Dr. Kessler says the next step will be to get some large employers to offer treatment - probably a combination of medication and coaching - to people with ADHD, then compare the treatment group with a control group.

"My guess is that [treatment]is going to be a smart thing for employers to do," he said, comparing it with workplaces offering free flu shots to employees each winter.

Some advocates for people with ADHD applaud Dr. Kessler's goals, but question the idea of employee screening and treatment. "My concern is that it not be used to discriminate when hiring," says Heidi Bernhardt, national director of the Centre for ADHD/ADD Advocacy. "We have to be careful because there's a double-edged sword here."

Screening isn't as easy as just handing out a questionnaire, Ms. Bernhardt says. Only a trained psychologist or psychiatrist can diagnose ADHD. Ms. Difede notes that she fields dozens of calls a week from adults desperately seeking a psychiatrist who can assess them.

"There are only two in the [Greater Toronto Area]accepting new adult patients, and that's two more than I had last month," she says.

Still, Ms. Bernhardt says she welcomes any effort to educate employers and the public.

"Most people think of ADHD as little boys running around being hyper, and that's probably one-100th of it," she says. Adults often don't show the same obvious signs of ADHD, she says, but suffer instead from internal feelings of restlessness. In terms of public understanding, she says, ADHD is now where depression was 20 years ago - many people don't understand it and think that people with the disorder should just snap out of it.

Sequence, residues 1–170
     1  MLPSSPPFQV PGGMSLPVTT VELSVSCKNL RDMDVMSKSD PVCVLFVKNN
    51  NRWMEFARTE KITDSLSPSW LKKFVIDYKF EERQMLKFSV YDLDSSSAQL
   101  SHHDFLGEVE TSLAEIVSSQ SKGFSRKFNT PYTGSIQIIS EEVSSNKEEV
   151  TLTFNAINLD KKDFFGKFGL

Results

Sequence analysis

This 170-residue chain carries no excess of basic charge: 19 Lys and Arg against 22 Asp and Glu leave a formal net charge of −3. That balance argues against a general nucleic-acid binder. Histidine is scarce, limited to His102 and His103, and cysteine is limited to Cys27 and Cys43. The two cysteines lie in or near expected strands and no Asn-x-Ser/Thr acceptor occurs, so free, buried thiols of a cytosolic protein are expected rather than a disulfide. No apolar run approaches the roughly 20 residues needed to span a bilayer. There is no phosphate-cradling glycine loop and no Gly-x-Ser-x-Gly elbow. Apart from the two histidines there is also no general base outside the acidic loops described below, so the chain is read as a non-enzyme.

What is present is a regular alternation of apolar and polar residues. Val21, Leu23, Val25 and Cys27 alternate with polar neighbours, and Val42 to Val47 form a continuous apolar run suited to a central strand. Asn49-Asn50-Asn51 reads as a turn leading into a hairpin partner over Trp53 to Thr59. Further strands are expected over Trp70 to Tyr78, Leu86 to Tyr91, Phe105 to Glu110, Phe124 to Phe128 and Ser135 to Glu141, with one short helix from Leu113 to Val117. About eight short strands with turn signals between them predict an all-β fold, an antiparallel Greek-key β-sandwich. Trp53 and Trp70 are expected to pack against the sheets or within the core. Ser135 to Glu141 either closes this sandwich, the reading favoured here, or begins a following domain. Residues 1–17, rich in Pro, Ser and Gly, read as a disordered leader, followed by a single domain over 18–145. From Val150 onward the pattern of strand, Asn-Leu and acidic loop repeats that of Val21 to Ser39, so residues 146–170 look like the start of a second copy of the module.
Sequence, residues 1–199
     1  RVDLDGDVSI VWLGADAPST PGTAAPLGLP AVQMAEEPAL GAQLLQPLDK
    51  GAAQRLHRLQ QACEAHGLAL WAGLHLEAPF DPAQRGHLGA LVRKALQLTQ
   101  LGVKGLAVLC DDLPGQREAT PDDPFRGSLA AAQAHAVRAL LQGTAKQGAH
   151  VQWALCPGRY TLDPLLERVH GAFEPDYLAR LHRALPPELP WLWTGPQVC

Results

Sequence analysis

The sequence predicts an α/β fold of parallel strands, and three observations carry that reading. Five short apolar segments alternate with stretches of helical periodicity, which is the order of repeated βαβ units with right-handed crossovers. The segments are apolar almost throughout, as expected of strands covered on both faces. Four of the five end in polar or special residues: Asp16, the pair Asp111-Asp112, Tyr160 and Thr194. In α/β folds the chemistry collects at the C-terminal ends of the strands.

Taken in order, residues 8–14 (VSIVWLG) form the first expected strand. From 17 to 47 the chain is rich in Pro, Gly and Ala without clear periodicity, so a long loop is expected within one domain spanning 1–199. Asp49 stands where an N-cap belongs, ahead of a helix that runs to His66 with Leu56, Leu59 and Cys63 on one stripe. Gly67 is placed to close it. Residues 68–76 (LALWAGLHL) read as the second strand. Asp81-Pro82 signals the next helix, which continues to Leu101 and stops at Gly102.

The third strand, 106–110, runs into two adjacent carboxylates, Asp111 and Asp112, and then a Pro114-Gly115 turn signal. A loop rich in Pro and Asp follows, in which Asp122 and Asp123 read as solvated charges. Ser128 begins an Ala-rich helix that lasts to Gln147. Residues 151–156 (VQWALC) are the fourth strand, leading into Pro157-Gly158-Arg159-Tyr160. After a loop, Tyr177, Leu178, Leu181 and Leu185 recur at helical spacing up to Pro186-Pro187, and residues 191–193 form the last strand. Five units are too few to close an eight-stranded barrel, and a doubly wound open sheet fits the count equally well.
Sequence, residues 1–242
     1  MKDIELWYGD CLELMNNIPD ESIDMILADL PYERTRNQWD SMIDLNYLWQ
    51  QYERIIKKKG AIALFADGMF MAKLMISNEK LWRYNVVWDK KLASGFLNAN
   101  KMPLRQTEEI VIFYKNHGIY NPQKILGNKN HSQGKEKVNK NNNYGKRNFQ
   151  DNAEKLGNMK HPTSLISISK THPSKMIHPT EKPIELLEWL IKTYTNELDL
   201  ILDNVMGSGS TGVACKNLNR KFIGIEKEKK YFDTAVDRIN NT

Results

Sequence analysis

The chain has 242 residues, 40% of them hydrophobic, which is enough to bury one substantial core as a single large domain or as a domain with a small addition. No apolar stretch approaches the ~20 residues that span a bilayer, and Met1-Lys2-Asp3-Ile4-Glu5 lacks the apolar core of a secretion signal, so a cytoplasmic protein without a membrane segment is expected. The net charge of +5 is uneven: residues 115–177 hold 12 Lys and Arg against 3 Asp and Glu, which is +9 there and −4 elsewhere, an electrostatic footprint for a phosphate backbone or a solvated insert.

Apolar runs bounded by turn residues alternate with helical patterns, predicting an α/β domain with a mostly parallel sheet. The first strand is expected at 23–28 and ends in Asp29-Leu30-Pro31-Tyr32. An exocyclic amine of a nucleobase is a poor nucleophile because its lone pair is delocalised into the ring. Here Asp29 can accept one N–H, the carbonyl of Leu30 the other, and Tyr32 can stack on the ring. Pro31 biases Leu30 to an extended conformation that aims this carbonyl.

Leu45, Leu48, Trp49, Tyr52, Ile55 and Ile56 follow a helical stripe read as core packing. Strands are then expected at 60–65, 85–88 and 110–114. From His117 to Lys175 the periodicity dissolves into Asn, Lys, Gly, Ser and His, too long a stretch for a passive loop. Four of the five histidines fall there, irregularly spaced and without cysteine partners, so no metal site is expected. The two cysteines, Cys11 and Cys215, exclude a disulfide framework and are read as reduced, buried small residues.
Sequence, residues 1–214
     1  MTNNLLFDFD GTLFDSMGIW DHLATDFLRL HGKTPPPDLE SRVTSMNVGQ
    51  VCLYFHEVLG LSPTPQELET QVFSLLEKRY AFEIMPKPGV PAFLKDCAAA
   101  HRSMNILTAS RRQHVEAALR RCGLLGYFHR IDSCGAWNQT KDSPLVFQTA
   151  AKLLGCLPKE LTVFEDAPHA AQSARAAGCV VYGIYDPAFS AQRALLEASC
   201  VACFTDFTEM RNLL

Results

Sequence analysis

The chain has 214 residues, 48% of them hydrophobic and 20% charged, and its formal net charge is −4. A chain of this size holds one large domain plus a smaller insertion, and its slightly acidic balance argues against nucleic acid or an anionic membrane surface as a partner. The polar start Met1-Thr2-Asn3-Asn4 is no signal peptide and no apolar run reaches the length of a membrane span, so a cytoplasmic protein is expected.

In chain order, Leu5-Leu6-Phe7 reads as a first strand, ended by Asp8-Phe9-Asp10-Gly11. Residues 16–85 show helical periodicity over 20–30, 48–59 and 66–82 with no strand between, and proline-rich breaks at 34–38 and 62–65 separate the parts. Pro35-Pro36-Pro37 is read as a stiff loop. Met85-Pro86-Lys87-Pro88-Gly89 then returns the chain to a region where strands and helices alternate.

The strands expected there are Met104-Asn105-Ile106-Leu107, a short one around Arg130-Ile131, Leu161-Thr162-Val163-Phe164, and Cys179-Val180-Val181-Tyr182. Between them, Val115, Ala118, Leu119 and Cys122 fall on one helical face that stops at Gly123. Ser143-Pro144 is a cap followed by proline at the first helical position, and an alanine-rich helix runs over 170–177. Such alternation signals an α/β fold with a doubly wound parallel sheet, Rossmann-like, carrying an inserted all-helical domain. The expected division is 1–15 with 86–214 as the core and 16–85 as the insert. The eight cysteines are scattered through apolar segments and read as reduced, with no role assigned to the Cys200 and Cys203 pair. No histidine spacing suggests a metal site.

Bill Wilkerson, president and co-founder of the Global Business and Economic Roundtable on Addiction and Mental Health, spends his days explaining to business leaders why they should be concerned with mental disorders. Employers shouldn't play psychiatrist, he says, but it makes financial sense for Corporate Canada to strengthen employee-assistance programs and help people with ADHD obtain treatment.

"It's really about prognosis, not diagnosis," says Mr. Wilkerson, a former insurance industry executive. "Whether an employee has ADHD, depression or diabetes is immaterial. ... You don't need to know what's wrong with someone in order to facilitate their getting care and getting back to work."

Signs in the workplace

About 4 per cent of the adult population has attention deficit hyperactivity disorder. The three major facets of ADHD are inattention, hyperactivity and impulsivity; in adults, the outer symptoms of hyperactivity often become internalized - instead of the person physically racing around a room, their mind is racing. Here are some symptoms of adult ADHD that may surface at work:

Chronic lateness.

Inability to track details, prone to careless mistakes.

Forgetting to complete tasks, even when they are daily activities.

Frequently losing necessary things.

Talking at inappropriate times, interrupting.

Struggling to pay attention in meetings.

Spending hours at work, but getting little done.

Sources: Centre for ADHD/ADD Advocacy,;

Rebecca Dube